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Blog

With regular contributions from the GISF Secretariat and guest experts, the GISF Blog explores a range of topical, contextual and theoretical developments affecting the practice of humanitarian SRM.


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What is ‘humanitarian communication’?

Humanitarian Programmatic Issues, NGO Security Management

The increasing use of ICTs by responding organisations and affected populations has changed how information is communicated and received during crises. It may even be changing how some crises occur and unfold. Yet, despite this transformative impact, there is no accepted definition of what constitutes ‘humanitarian communication’, nor what defines the ‘humanitarian use of ICTs’.

9 Oct 2015

The role of international aid agencies in protecting national humanitarian staff

Acceptance, Humanitarian Programmatic Issues, Legal Obligations, NGO Security Management

GISF Researcher Raquel Vazquez Llorente writes for the Harvard University Advanced Training Program on Humanitarian Action (ATHA). In her post, Raquel explores the increased reliance on local partners to deliver aid in high risk emergencies and the role that international NGOs play in protecting national humanitarian staff.

14 Aug 2015

Can space-based technology enhance the security of aid workers?

Humanitarian Programmatic Issues, NGO Security Management

With humanitarian aid delivery being carried out by workers on the ground, remote sensing technology can be used to better coordinate efforts and to generally build up a better response to emergencies. It could also provide security risk managers with valuable information that can be used to increase the safety of workers in the delivery of aid.

30 Jun 2015

Improving coordination in humanitarian aid: reflections on the cluster system

Humanitarian Programmatic Issues

Effective coordination is the key to the delivery of a successful humanitarian aid response, as it allows different actors working in the same area to share information and harmonise interventions, thus proving better support to people in need and to aid workers in the field.

17 Jun 2015

Working group for emergency telecommunications: GISF presentation at the ICT Humanitarian Innovation Forum

Acceptance, Context Analysis, Equipment, Humanitarian Programmatic Issues, NGO Security Management

On April 30, GISF Executive Coordinator Lisa Reilly and Researcher Raquel Vazquez Llorente presented the publication Communications Technology and Humanitarian Delivery at the 36th Forum of the Working Group for Emergency Telecommunications (WGET) in Dubai. This was the first time the WGET included a session on humanitarian security. The content of the presentation is now available.

30 May 2015

Can standardised hashtags be effective in emergency responses?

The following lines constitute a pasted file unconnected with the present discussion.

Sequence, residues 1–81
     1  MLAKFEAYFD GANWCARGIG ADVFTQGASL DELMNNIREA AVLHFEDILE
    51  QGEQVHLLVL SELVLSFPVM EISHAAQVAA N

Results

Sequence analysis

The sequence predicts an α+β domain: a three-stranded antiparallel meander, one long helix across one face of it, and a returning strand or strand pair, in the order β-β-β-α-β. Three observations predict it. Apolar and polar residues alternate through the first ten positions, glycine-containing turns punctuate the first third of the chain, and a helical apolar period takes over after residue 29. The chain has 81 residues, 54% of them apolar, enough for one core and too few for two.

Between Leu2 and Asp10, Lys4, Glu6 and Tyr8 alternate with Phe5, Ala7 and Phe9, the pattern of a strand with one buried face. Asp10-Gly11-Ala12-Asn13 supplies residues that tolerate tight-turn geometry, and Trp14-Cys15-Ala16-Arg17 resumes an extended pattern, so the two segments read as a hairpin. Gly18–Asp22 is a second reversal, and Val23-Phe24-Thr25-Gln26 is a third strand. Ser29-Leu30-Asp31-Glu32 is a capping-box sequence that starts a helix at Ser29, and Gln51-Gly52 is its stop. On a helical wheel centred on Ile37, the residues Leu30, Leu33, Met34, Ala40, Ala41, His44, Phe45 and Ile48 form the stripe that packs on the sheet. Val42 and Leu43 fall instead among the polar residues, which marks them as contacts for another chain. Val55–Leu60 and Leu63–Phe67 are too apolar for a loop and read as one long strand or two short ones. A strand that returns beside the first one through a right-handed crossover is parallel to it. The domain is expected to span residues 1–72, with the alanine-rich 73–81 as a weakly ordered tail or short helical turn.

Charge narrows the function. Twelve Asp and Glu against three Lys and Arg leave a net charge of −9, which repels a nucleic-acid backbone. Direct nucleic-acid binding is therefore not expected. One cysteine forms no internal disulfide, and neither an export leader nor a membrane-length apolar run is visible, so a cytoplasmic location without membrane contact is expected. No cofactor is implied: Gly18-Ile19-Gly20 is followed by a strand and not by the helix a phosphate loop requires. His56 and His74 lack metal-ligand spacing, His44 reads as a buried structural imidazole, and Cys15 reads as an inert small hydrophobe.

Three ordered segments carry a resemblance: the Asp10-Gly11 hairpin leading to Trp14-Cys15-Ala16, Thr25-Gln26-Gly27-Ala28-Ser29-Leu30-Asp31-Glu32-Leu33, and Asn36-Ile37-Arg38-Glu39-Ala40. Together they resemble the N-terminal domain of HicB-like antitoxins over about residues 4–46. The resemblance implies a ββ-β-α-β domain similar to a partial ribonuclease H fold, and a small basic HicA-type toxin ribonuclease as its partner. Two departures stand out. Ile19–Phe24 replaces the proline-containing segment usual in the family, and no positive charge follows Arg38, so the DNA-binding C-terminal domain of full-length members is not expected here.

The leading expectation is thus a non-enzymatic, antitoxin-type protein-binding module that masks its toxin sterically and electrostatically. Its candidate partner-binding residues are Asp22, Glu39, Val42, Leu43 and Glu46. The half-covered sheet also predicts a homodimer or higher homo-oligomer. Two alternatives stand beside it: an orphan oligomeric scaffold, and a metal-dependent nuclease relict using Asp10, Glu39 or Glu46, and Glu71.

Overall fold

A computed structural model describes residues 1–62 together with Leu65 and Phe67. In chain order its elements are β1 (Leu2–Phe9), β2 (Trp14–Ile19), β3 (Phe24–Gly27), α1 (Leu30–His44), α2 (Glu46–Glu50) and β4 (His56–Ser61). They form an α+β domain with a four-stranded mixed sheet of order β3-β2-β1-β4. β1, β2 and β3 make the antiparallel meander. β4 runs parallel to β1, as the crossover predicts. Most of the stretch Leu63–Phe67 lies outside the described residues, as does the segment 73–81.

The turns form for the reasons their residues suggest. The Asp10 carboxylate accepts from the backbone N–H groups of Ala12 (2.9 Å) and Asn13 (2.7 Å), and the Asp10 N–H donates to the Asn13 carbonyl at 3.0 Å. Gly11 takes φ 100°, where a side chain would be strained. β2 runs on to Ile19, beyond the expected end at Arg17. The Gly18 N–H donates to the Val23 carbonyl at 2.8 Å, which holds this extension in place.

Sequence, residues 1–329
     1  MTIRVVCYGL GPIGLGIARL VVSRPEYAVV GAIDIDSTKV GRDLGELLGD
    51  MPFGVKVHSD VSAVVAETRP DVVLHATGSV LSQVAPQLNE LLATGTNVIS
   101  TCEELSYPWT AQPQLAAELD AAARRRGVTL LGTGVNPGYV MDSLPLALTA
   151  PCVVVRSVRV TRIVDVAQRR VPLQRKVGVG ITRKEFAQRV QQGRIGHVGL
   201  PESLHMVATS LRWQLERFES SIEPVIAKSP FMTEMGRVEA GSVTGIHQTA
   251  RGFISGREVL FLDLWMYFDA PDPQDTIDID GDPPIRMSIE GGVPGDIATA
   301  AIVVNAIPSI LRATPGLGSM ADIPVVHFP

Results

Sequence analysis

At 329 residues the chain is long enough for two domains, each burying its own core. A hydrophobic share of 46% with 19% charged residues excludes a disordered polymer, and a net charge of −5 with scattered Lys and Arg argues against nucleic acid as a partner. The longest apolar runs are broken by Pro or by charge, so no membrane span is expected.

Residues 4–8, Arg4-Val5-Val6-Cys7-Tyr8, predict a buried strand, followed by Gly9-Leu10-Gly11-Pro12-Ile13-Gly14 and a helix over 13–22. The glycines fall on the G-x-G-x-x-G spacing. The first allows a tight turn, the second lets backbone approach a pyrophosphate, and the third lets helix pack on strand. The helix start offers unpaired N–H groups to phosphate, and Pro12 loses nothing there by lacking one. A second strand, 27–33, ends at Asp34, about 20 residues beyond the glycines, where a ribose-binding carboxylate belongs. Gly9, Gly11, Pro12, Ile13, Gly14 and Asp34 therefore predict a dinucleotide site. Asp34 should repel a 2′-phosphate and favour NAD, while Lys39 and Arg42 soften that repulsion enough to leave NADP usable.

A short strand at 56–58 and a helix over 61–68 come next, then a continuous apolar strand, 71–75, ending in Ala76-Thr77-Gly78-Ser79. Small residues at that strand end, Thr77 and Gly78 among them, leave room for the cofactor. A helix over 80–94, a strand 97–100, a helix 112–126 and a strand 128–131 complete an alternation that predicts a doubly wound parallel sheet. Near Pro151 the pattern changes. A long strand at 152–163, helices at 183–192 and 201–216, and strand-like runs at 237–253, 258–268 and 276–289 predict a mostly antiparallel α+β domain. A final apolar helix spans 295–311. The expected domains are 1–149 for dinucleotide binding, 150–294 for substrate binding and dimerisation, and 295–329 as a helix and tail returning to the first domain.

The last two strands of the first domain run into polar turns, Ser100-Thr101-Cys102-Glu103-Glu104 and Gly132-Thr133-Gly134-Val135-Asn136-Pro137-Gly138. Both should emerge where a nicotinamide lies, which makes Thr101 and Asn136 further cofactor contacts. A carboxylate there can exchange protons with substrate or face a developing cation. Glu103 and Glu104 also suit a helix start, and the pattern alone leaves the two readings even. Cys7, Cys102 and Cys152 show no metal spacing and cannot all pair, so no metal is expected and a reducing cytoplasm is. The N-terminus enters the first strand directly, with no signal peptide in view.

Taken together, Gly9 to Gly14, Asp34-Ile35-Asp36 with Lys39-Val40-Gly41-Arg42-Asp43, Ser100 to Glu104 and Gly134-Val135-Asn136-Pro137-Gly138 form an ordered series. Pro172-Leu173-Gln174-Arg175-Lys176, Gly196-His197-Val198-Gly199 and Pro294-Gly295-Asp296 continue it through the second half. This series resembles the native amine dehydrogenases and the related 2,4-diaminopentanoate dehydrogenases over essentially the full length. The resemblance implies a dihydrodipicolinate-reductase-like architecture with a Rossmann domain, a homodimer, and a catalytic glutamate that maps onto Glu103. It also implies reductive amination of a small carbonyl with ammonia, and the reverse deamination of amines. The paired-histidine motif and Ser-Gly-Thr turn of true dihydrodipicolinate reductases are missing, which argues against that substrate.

Humanitarian Programmatic Issues

Standardised hashtags can be used by governments and aid organisations to distribute information to the public, and respond to urgent needs and requests. The hashtags should be used interactively, coordinated and collaborated with between the sectors. Twitter users then tweet with the respective hashtags to notify governments and aid agencies about needs of affected communities and urgent requests.

24 Mar 2015

Evaluating Ebola: the politics of the military response narrative

Acceptance, Civil-Military, Humanitarian Programmatic Issues

In her op-ed, Kristin Bergtora Sandvik suggests that humanitarians must pay keen attention to the post-Ebola narrative of military victory that is currently emerging. To see the deployment of military personnel, strategies and tactics as the game changer is unfair, because it invisibilises the resilience of the nationals of Ebola affected countries, as well as the efforts of local health workers and (some) humanitarians to address and control the outbreak. However, this narrative also has important strategic consequences for patterns of funding and intervention in future health emergencies.

16 Mar 2015

Hostage taking: new tool for media impact

Humanitarian Programmatic Issues

Kidnapping and the consequent use of hostages is hardly a new method for terrorist organisations to express their defiance towards enemy states, or even hostile home states. What differentiates current hostage situations from those of the past is the way in which they have been adapted to today’s information society. It seems that terrorist groups have found a new use for hostages: propaganda.

23 Feb 2015

Journalists and aid agencies: the opportunities and limitations of embedding

Acceptance, Humanitarian Programmatic Issues, Safety

On Tuesday 10 February the Frontline Club partnered with GISF to host an event on embedding journalism with aid agencies with a discussion by an expert panel. The evening was entitled ‘Embedding with Aid Agencies: Editorial Integrity and Security Risks’.

17 Feb 2015